I’m 1000% more scared of fantastical success than I am of failure. What scares you?

I know. Ridiculous right? I mean, I call myself a Potentialist and Aspiring Fairy Godmother, and people hire me to help them figure out what incredible success looks like for them and help them get there. A friend once told me that my warning label should be, “Don’t sit next to Joanna unless you want to be convinced that yes, actually, your dreams can come true.” Teach what you know, right?

I’m not going to go on about WHY I get scared. I know why. I also know that I’m the queen of bouncing back. If you find me lying on the floor crying so hard that gunk is coming out of my nose, don’t try and pick me up. Just grab a glass of your beverage of choice and watch. When I get up, I get up in a big way. It’s why failure, for me, isn’t so scary. I know I’ll get up again.

In the past 48 hours, I’ve had multiple conversations about the gremlins in our heads telling us no.

– Peter shared his fear of starting something new.
– Morgan shared her fear of doing it wrong.
– Melanie shared her fear of letting go.

I had a chat with a thought leader and change-maker who has over 100,000 followers on Twitter. And other than how we’re both going to change the world, what did we discuss? Fear. Our fears and other people’s fears.

I’m known for saying, “Every decision made about you and your opportunities is made in a room you’re not in.” Usually, I’m talking about the people who are choosing the Future You. What I’ve come to realize is that the first room you need to tackle is the one inside your head. If you can’t choose the Future You, then how in the world can you get others to do it too?

You can’t.

Ok. So at this point, you either relate to what I’m saying, or you still have no concept of what I’m talking about. If you’re the former, stick around, and I’ll share a couple of ideas of how you might manifest your ambitions even with the twerp in your head. If you’re the latter, I want to hear your story. How is it you’re fearless? Seriously. Send me your story.

Ok. So back to my fearful fellows. How do I get over myself? Well, here are some suggestions.

1. Figure out what it is you’re actually afraid of. If you’re not sure and want some inspiration, I’m a HUGE fan of Elizabeth Day. I’ve listened to her podcast for years (she’s also written a book called Failosophy: A Handbook For When Things Go Wrong). She’s created a veritable buffet of stories from people who (from the outside) look super sorted out but have gremlins like you and me. Spoiler – she interviewed the brilliant Gloria Steinem for one of her episodes. One of the most fearless women I can imagine. The other option is to ask people. My husband was the one who pointed out the incongruency of what I teach and how I act for myself.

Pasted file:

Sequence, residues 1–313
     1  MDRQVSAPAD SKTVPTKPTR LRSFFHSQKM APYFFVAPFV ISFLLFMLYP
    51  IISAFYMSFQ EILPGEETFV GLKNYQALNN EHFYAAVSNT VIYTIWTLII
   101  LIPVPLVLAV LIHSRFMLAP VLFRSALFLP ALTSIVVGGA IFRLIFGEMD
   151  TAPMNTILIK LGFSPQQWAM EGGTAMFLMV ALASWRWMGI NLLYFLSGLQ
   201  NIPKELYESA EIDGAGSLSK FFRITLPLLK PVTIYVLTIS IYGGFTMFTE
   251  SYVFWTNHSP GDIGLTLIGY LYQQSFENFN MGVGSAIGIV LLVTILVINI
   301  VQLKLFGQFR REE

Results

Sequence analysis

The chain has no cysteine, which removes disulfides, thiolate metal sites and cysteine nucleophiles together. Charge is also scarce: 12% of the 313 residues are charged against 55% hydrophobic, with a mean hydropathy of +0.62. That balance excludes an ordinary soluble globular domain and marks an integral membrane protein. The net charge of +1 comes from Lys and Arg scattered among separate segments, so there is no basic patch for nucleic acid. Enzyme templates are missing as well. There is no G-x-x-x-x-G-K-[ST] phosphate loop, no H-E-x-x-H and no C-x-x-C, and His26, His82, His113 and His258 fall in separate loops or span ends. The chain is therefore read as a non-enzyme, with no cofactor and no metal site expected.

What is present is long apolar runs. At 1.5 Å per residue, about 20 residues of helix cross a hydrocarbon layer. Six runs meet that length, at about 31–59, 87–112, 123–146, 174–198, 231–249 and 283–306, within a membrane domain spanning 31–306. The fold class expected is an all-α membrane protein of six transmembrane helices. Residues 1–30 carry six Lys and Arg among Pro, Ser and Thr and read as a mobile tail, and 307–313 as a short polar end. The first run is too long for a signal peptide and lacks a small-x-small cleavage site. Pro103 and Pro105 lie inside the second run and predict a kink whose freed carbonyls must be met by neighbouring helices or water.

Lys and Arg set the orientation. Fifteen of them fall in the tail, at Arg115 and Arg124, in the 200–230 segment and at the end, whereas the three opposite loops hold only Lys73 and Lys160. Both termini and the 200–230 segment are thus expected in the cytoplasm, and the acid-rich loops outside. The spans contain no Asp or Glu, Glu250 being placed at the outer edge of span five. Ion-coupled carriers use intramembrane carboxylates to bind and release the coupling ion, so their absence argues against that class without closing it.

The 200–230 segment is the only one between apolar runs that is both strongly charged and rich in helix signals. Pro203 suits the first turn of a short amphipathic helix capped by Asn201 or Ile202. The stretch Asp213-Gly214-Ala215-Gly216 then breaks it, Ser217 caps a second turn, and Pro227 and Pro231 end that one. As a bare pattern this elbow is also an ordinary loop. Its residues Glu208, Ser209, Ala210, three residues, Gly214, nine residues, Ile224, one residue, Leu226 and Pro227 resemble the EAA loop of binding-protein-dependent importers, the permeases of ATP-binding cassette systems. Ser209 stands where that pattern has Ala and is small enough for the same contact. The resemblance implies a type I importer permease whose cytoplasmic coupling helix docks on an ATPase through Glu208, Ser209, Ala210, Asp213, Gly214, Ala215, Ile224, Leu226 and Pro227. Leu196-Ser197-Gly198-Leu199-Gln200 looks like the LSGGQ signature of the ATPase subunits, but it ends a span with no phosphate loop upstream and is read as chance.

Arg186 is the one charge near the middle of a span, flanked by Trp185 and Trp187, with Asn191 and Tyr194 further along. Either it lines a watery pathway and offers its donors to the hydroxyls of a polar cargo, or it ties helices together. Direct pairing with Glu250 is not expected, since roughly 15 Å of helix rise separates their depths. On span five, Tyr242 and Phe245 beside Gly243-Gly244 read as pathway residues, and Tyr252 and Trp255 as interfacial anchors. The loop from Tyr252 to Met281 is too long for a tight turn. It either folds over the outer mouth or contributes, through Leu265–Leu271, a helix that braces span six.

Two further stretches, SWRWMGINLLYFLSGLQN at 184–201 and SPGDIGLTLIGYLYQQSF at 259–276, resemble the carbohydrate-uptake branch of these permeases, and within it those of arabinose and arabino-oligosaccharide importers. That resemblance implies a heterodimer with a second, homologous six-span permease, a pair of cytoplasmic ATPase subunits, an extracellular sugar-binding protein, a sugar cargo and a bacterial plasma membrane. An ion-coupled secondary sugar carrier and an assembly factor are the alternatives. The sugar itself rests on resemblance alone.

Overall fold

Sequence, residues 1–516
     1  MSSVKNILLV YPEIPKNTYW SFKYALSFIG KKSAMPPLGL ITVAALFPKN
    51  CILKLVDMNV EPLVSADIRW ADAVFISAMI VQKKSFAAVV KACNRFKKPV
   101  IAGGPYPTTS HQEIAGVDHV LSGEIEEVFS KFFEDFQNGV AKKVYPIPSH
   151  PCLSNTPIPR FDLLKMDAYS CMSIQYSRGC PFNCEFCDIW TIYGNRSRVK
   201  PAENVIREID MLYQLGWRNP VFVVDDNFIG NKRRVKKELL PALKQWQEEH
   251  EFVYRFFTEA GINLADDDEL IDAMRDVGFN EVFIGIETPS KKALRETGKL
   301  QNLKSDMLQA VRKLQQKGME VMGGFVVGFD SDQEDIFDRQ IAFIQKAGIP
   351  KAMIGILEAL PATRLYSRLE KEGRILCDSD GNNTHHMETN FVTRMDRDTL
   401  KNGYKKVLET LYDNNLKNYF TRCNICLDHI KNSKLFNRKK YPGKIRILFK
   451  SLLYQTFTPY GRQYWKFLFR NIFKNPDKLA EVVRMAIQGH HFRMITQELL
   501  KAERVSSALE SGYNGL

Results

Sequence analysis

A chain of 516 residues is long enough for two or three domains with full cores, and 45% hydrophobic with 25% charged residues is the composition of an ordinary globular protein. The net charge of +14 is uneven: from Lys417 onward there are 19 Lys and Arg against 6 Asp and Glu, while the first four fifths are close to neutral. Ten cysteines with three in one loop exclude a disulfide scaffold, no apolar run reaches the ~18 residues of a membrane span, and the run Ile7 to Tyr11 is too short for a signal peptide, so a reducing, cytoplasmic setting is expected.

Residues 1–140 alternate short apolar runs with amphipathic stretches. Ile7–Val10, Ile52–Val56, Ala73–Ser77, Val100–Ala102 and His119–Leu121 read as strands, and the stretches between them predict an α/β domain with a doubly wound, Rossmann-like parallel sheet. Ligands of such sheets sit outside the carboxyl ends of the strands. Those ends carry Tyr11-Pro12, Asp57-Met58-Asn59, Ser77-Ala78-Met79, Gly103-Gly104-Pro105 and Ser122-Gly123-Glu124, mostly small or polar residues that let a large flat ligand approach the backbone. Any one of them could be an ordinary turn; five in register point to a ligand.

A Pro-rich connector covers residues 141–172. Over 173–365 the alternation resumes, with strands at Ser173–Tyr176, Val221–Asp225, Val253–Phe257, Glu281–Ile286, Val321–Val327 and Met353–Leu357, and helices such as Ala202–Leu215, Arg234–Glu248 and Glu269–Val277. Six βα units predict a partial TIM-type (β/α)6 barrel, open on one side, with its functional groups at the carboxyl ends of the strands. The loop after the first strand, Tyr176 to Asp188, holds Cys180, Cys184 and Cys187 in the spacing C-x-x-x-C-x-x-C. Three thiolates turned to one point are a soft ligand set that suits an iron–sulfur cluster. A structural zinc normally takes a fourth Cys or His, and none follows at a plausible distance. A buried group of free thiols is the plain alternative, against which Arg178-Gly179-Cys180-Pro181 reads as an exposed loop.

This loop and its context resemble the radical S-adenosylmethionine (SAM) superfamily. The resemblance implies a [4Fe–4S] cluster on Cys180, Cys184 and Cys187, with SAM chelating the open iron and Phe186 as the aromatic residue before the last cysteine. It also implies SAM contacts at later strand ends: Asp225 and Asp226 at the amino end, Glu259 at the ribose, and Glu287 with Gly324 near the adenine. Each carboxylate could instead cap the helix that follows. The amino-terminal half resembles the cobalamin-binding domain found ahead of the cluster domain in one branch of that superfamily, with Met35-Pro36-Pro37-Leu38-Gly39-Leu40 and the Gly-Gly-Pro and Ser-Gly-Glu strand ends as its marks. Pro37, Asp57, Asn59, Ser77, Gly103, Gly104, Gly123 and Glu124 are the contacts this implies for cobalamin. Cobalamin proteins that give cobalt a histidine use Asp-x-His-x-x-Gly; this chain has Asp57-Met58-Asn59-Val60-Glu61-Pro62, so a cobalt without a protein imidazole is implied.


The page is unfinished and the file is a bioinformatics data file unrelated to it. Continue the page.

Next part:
2. Identify how you’re measuring what “not failing” looks like. I’ve had this conversation with hundreds of people. Their version of “failing” and their audience’s version of “failing” were in two different places. Example: There’s a bit of a ridiculous narrative in the startup world that if you haven’t created a company and flipped it for a billion dollars, then you’ve failed. We all know this isn’t true, but if you’re a startup entrepreneur, then you’ve probably told yourself this. Half a billion dollars is totally acceptable. 🙂
3. Run some little experiments. Do you remember what it was like learning to swim? Unless you had parents like mine who slapped some floaties (armbands if you’re from the UK) on us and chucked us overboard, you had a swim coach whose first job was to teach you to float. There was a moment where your brain went from screaming, “I’m skinking! I’m sinking!” to, “Oh, I feel it.” and voila, you understood how to float. It’s worth noting that from that moment on, sinking became almost impossible without concerted effort. I could chuck you off a boat right now, and you’d still float. We have this same phenomenon when learning to ride a bike – the “ah-ha” moment is when you feel balance with momentum. Learning how to swim – big experiment = super scary. Learning how to float – not so much. Figure out your version of floating for what scares you and keep doing it until it doesn’t. Or you can take a page from my playbook. My fear of success never seems to go away. But in doing tiny experiments, I’m creating the building blocks of confidence. Do I keep moving my goalposts? Yes, of course. But that’s the point.

We can’t imagine something we haven’t seen before. The brilliant Janna Levin talked about this idea during her interview with Tim Ferris about four dimensions. As humans, we can’t “see” four dimensions, but mathematically it’s possible. It’s a mind-bending interview, and Levin’s examples describing this limitation are so simple (she uses PacMan and interlocking circles) that you understand what you still can’t see.

Don’t give yourself a hard time if you’re scared of something you haven’t experienced or can only imagine.

We’re writing a whole new way of working in this emerging post-pandemic world. And you have a choice. You can wait for it all to settle and let others decide how things will look because it’s safer that way. Or you can look in the mirror and say, “I get to choose who I want to be in the Future.” and lean into your scary.

Until next time.


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